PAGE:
So I laughed in my head when this guy pulled up in a tiny Hyundai i10 with what was barely a trunk in the back. I didn’t get a photo of the car but you can see what it looks like on the Hyundai site here. Oh, my – this is not going to go well.
When he saw what we were hoping to pack into his car, he started to tell us that it wasn’t going to work. But this was all we had so I worked with him (read this as “begged him”) and told him we’d do laps, stuff suitcases in the backseat or whatever to make it happen… and that I’d give him a big tip.
I think he felt bad for us, but we made it work. We fit one suitcase in the trunk and stuffed our backpacks in, too. We stacked the other 2 suitcases in the backseat and Faith sat on Lisa’s lap next to them while I was in the passenger seat. It was tight but it worked.
He was a great guy, too, and I was more than happy at that point to give him an extra $10 in USD on top of the maximum 2,500 Costa Rican Colónes ($3.80 USD) the Uber app allowed. He was thrilled with that tip, too. The Uber ride, including both tips, totaled a mere $26 USD and was worth every penny.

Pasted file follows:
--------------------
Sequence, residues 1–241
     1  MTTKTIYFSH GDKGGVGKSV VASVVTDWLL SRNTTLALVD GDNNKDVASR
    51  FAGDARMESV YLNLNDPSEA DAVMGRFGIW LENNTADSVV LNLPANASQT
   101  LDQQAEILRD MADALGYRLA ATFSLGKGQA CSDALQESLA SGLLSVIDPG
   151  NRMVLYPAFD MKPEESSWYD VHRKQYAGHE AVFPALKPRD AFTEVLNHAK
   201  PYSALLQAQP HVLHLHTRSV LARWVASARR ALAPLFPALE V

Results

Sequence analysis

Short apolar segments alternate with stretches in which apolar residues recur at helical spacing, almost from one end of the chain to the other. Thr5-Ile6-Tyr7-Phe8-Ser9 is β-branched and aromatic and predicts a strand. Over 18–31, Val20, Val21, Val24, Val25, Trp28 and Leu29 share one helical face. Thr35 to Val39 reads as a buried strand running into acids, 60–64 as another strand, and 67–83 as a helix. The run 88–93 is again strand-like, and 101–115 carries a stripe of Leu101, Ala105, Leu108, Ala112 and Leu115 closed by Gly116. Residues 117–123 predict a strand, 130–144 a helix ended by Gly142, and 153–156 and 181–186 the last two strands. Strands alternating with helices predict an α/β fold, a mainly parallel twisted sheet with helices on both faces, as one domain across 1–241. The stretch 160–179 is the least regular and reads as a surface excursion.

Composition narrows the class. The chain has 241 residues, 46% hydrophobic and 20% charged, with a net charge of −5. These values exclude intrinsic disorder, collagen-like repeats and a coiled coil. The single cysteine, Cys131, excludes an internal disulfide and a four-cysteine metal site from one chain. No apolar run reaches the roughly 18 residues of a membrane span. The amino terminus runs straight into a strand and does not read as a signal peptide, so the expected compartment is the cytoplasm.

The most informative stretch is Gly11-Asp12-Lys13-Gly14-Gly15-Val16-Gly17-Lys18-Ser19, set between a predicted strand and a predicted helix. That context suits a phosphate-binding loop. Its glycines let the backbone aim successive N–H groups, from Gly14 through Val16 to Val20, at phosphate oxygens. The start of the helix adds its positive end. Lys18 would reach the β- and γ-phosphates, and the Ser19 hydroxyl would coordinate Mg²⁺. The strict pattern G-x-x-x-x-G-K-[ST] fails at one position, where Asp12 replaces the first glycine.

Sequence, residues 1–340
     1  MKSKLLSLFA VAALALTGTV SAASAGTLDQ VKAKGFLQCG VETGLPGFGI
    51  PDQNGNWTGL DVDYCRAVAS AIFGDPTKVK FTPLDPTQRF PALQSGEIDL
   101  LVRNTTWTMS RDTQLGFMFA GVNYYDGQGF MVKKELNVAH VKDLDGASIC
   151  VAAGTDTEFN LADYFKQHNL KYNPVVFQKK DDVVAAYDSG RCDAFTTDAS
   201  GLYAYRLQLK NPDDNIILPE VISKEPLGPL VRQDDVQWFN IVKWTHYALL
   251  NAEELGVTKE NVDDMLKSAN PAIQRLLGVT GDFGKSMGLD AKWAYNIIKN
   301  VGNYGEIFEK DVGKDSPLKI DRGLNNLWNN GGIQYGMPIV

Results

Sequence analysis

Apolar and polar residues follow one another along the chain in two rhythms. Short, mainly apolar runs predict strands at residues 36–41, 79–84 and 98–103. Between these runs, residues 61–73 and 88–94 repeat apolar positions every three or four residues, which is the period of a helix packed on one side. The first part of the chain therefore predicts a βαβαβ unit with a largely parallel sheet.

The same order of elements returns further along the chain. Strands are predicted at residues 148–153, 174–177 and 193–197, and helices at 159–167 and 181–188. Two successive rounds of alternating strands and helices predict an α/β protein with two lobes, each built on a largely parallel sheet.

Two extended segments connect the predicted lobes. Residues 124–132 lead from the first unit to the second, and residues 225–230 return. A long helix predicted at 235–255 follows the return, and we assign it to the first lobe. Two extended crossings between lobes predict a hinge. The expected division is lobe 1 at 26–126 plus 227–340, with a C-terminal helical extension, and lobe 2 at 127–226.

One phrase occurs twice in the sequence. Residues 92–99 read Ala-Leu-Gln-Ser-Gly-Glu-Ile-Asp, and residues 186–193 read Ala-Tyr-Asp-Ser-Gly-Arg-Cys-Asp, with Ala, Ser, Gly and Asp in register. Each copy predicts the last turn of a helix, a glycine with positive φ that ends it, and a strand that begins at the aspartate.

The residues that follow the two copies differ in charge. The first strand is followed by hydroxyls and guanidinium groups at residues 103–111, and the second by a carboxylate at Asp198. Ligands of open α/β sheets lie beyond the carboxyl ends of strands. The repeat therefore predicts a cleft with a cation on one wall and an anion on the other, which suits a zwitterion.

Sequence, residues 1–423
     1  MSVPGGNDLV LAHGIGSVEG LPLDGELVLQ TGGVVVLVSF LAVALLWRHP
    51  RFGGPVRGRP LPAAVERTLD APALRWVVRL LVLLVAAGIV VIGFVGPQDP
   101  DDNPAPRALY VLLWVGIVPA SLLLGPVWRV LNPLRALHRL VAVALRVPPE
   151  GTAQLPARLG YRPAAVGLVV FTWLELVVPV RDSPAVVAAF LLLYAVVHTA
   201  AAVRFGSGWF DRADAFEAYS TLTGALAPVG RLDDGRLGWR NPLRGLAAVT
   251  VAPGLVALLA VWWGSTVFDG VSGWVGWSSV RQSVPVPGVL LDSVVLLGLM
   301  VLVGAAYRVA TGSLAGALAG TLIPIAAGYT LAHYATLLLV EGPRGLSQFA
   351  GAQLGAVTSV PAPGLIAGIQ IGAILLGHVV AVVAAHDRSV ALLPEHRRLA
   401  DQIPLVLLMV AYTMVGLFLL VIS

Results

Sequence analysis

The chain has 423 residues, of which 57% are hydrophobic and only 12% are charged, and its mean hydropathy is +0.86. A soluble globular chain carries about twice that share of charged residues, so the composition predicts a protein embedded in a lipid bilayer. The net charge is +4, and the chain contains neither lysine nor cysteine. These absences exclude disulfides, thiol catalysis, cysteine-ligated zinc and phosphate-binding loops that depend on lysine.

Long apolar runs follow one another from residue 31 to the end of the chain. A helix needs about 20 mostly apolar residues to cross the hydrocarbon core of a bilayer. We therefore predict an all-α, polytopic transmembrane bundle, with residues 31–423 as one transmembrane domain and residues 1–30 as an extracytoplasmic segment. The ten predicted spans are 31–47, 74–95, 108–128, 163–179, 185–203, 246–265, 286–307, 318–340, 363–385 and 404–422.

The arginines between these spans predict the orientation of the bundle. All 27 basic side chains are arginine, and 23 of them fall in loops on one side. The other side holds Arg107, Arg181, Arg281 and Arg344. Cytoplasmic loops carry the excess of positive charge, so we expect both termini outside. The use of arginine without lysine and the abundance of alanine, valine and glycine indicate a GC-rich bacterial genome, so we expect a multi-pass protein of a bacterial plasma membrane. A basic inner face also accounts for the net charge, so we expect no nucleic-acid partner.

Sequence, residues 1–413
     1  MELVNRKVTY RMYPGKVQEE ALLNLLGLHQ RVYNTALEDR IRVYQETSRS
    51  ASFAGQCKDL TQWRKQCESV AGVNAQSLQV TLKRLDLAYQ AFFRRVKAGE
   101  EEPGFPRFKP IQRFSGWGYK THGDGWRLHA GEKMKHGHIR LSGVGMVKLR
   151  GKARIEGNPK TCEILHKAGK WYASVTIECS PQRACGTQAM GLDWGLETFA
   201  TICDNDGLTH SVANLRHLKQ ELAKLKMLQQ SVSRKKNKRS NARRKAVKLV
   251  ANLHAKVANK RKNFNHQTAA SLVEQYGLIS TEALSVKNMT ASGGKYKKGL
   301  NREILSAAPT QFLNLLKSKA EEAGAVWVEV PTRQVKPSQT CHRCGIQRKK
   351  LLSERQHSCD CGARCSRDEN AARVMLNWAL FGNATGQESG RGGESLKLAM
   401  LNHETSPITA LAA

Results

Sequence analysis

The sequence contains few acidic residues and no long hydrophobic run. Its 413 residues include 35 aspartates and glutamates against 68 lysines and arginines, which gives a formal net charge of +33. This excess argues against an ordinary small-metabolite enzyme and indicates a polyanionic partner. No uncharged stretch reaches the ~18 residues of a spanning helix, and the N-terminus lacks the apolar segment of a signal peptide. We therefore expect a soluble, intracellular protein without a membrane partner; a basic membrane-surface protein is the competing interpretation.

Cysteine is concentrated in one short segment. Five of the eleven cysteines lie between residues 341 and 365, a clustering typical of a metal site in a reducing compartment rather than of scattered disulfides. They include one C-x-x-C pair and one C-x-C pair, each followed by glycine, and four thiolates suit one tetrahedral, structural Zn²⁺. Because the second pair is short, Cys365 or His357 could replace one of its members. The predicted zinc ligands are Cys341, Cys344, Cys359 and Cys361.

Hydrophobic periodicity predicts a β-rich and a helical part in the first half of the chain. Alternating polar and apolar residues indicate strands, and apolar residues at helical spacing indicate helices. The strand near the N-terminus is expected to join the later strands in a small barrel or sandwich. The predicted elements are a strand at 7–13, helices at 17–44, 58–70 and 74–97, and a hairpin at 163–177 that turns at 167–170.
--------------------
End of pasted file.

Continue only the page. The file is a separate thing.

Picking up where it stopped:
And that was it. We checked in to the hotel, grabbed some Denny’s next door for a quick to-go dinner, showered, and went to bed. In a few short hours (we’ll be getting up at about 2:30 am) we have to check out and head to the airport.
With the bus to Costa Rica out of the way, tomorrow we fly to Mexico! I love these little adventures in life that we get to do. Not everything is picture-perfect and we definitely wouldn’t do this one again, but we sure gain some new experiences and a lot of memories along the way!
Plan well, take action, and live your best life!
Thanks for reading!!